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The House of Darkness (1913)

A potentially violent patient in an insane asylum is calmed when he hears a nurse playing the piano. But shortly afterwards he breaks free, eludes his pursuers, and acquires a gun. He soon ... See full summary »

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Cast

Cast overview:
...
The Doctor
...
The Doctor's Wife
Charles Hill Mailes ...
The Lunatic aka The 'Unfortunate' Patient
...
The Nurse
Christy Cabanne ...
Attack Victim (as W. Christy Cabanne)
...
Asylum Guard
William Elmer ...
Asylum Guard (as Billy Elmer)
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Storyline

A potentially violent patient in an insane asylum is calmed when he hears a nurse playing the piano. But shortly afterwards he breaks free, eludes his pursuers, and acquires a gun. He soon comes to a house where a young wife is home alone, and there is a tense confrontation. Written by Snow Leopard

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Short | Drama

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10 May 1913 (USA)  »

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1.33 : 1
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Featured in Kingdom of Shadows (1998) See more »

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"At last a happy result"
26 July 2008 | by (Ruritania) – See all my reviews

At a time when Griffith's films were becoming increasingly gloomy and pessimistic (See The Painted Lady, Death's Marathon etc) The House of Darkness, in spite of the title and its theme of madness, is a little ray of hope. Griffith uses all his skill and technique to produce a work of humanity and poignancy.

The opening shot is one of the most beautiful and considered of Griffith's Biograph career, using contrasts in depth that are reminiscent of his earliest shorts, albeit far more carefully composed. Although it is a crowd shot, he has clearly given thought to every individual in it, giving each personal direction and allowing them to stand out. Griffith also contrasts the natural beauty of the setting with the plight of the asylum inmates, establishing a bittersweet tone right from the start.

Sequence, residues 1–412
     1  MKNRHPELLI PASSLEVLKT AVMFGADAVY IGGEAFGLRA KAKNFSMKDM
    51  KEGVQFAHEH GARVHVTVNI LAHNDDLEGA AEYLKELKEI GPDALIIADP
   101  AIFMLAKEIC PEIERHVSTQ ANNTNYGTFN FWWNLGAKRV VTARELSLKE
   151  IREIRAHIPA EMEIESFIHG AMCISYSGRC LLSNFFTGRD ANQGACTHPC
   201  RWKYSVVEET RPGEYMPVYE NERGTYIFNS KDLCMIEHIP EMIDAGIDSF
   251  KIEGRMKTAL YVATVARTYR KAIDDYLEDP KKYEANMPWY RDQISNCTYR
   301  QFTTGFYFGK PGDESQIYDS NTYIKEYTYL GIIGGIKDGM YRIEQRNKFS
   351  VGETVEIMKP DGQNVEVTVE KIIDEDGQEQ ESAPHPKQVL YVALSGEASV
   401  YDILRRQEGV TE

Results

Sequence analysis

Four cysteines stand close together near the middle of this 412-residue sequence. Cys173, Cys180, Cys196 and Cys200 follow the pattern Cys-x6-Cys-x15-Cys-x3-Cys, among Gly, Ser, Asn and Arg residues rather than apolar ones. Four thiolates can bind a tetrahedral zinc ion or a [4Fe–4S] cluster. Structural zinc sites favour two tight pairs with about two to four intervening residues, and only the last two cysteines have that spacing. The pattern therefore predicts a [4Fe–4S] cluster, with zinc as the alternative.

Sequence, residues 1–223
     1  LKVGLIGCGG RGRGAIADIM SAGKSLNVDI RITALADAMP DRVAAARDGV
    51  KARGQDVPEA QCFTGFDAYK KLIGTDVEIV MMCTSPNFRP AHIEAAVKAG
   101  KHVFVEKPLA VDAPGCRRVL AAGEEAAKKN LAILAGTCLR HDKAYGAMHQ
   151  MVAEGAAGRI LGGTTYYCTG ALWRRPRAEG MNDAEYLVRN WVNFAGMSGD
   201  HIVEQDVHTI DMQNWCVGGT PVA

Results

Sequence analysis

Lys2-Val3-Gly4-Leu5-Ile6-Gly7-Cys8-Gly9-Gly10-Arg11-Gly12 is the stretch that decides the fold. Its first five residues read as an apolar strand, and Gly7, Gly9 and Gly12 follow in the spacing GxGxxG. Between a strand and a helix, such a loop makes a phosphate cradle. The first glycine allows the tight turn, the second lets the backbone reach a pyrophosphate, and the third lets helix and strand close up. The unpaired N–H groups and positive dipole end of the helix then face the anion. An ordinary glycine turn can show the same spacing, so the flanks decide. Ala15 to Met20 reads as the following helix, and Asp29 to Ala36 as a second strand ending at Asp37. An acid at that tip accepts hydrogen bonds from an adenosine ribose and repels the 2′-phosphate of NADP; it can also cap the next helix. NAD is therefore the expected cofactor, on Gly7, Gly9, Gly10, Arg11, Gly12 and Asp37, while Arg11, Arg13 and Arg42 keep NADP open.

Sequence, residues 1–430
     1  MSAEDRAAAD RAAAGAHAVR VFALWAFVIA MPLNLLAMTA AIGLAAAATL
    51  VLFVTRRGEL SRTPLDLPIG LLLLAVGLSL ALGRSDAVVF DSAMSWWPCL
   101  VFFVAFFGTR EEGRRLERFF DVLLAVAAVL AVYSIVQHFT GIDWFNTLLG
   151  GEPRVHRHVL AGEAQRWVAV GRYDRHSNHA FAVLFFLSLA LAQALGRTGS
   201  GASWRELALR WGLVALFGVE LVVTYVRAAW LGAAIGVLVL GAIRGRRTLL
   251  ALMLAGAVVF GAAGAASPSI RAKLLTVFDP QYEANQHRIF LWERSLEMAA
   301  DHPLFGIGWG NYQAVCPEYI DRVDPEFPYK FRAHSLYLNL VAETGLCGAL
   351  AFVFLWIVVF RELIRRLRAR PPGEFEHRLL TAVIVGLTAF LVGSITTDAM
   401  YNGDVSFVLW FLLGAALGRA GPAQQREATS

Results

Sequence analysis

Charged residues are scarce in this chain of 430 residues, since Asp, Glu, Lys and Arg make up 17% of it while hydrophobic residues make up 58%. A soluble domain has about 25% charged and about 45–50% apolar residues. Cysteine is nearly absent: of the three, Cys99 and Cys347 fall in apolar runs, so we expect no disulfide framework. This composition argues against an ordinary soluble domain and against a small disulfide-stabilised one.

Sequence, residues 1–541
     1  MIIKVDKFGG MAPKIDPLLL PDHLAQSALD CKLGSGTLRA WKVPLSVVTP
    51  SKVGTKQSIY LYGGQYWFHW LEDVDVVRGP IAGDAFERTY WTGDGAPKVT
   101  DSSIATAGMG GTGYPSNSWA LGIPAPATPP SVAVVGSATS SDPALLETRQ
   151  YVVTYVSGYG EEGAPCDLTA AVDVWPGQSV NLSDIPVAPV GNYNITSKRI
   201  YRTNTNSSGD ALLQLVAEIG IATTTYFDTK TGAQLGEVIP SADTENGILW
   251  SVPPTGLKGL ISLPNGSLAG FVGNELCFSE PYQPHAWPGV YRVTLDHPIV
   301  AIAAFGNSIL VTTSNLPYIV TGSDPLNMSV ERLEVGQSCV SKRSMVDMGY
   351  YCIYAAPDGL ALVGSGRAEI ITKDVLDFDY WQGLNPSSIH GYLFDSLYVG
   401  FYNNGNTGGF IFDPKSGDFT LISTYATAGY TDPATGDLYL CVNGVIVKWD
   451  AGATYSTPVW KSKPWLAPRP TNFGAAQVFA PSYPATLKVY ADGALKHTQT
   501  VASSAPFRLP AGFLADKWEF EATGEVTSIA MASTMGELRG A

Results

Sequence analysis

Griffith repeats his famous "approaching" close-up from Musketeers of Pig Alley, having Charles Hill Mailes gradually creep up on the camera until his face is almost filling the screen. It's not as effective as it was with Elmer Booth in Pig Alley, although there is some early use of foreground framing with the dangling branch. Two other close-ups have even greater impact. First, there is the use of the ticking clock as a tension building device. Then there is that amazing close-up of Claire McDowell's hands striking the piano key, which has a really great impact, releasing the tension which has just been built up and grabbing the audience's attention simultaneously.

As with many of Griffith's films of this era, it is the acting which holds things together even more than the technical direction. Griffith knew that the performances had to be convincing for a film like this to work. Charles Hill Mailes was not often a lead player at Biograph (he can mostly be seen playing stern fathers), but he is very good here in a role which could easily have been all mugging and arm-waving. Interestingly Claire McDowell whom he menaces here was in reality his wife. They actually played side by side as an elderly couple in a number of pictures in the 30's.

This is a strong film with few flaws, and is among the four or five best Biograph shorts. Although Griffith had been wanting to make feature films for some years now, at this point he really looks ready to.


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